How to encourage participation in meetings

culture cuppa how to encourage participation in meeting

11 million meetings are held every day, according to some reports.

Middle managers spend about 35% of their time in meetings, while those in upper management spend 50% of their time in meetings, in statistics cited by

So the key question is: how do you encourage active participation in team meetings?

Meetings are a crucial part of collaboration and decision-making within organisations. However, all too often, meeting participants find themselves disengaged and uninterested, leading to unproductive time. Encouraging active participation in meetings is essential for generating innovative ideas, building teamwork, and achieving successful outcomes.

We explore 10 practical strategies to create an engaging and participatory meeting environment, as well as discuss common mistakes made by meeting facilitators and how to overcome them.

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1. The meeting starts before the meeting:

Lay the foundations before the meeting begins. Be intentional with the meeting’s purpose and set clear objectives. Determine who needs to be present vs. needs to know, and send meeting invites to only those individuals, ensuring that everyone in attendance has a meaningful contribution to make. Change up the environment and don’t assume you have to be sitting down in the same room each time. Collaboratively create the meeting agenda to establish clarity and shared ownership.

2. Respect working hours and time zones:

When scheduling meetings, consider the working hours of participants in different time zones. Avoid early morning or late-night sessions whenever possible, as this can lead to reduced engagement. Show respect for everyone’s time by being mindful of their availability.

Are your teams not engaged and participating in meetings?

3. Be intentional with expectations:

Aim to be effective, not only efficient. Share clear expectations with participants regarding their involvement in the meeting. Communicate the desired outcomes and encourage them to come prepared with questions, ideas, or prepare specific tasks. Consider assigning pre-meeting tasks or providing a theme to stimulate creativity and engagement.

4. Create an inclusive and safe environment:

An effective team leader should develop qualities such as active listening, empathy, and the ability to create a safe and inclusive space. Develop an environment where participants feel comfortable sharing ideas, can talk about their thoughts and opinions without fear of judgement, and can even admit mistakes. Encourage people who are holding back or don’t feel comfortable, and create equal participation by implementing conversational turn-taking techniques, break outs in small groups, and actively seeking input from diverse voices, not only from the people who tend to speak most of the time. This is particularly important in challenging meetings, where you need to create positive disagreement or handle conflict.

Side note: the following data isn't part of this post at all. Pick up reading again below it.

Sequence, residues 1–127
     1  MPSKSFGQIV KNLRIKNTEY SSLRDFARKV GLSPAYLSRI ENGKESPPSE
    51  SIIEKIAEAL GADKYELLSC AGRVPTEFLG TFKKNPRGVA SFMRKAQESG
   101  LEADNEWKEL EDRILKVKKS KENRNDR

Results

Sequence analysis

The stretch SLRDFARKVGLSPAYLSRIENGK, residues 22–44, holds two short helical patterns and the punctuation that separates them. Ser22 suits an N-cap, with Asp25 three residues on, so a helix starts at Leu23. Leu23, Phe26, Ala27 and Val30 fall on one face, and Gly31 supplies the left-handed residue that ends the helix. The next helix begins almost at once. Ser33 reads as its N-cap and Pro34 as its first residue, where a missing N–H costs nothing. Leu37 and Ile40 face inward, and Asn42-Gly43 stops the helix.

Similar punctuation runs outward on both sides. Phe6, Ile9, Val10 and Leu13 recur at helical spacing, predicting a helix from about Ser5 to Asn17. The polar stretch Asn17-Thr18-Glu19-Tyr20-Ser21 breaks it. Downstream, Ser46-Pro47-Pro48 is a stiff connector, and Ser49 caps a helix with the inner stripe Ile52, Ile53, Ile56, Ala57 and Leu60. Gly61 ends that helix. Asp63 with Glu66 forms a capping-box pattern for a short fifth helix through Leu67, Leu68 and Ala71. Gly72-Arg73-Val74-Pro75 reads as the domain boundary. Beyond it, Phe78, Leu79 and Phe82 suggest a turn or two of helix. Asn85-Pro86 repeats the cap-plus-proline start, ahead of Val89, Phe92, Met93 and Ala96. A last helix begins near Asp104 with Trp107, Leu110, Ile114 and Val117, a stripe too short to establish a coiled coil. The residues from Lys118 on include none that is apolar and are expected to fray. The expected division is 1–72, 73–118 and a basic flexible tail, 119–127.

5. Kick off with celebration and acknowledgements:

Starting the meeting on a positive note by celebrating wins and acknowledging individual and team successes. This helps create a positive atmosphere and motivates participants to actively engage throughout the session.

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6. Allow time for personal sharing and appreciations:

Allow time at the beginning and end of the meeting for personal sharing and appreciations. This allows team members to feel connected, to share on a more personal level and build rapport, creating a sense of trust and collaboration.


7. Consider alternative ways to contribute:

Offer various feedback channels and encourage meaningful responses with alternative methods of contribution, including unmuted discussions, anonymous tools, quiet brainstorming or collaboration tools. This ensures psychological safety within the meeting, allows participants to share their thoughts and contribute in a way that suits their communication style and encourages creativity.


8. Minimise distractions and multitasking:

Apparently, up to 92% of employees find themselves multitasking at some point during meetings. Ensure that participants are fully present by discouraging multitasking and minimising distractions such as laptops and mobile devices. Encourage everyone to be fully ‘in the room’ and engaged in the meeting, as multitasking can lead to the need to repeat communication, reduced productivity and even wasted time, which is frustrating for everyone in the team.

9. Effective decision-making and follow-up:

At the end of the meeting, clearly define the next steps and if you have enough information to make a decision now or later. Ensure that participants leave the meeting with a sense of purpose and understanding of their individual responsibilities and actions. Follow up after the meeting to reinforce this and ensure progress is being made.

10. Making virtual and hybrid work:

Keep meetings shorter, allow time for virtual networking and getting to know each other, increase engagement and encourage participation with polls, votes and other virtual collaboration tools. It is even more important in virtual and hybrid meetings to aim for an equal share of voice for all, so cameras on for those joining remotely is a must, and make sure everyone present in the office is fully visible on screen.

Creating an engaging and participatory meeting environment requires intentional planning, effective facilitation, and a commitment to inclusivity. By implementing the strategies shared, you can transform your meetings into productive and collaborative sessions that drive innovation and enhance teamwork. Remember, active participation is not only beneficial for the success of the meeting but also for the overall growth and success of the organisation.

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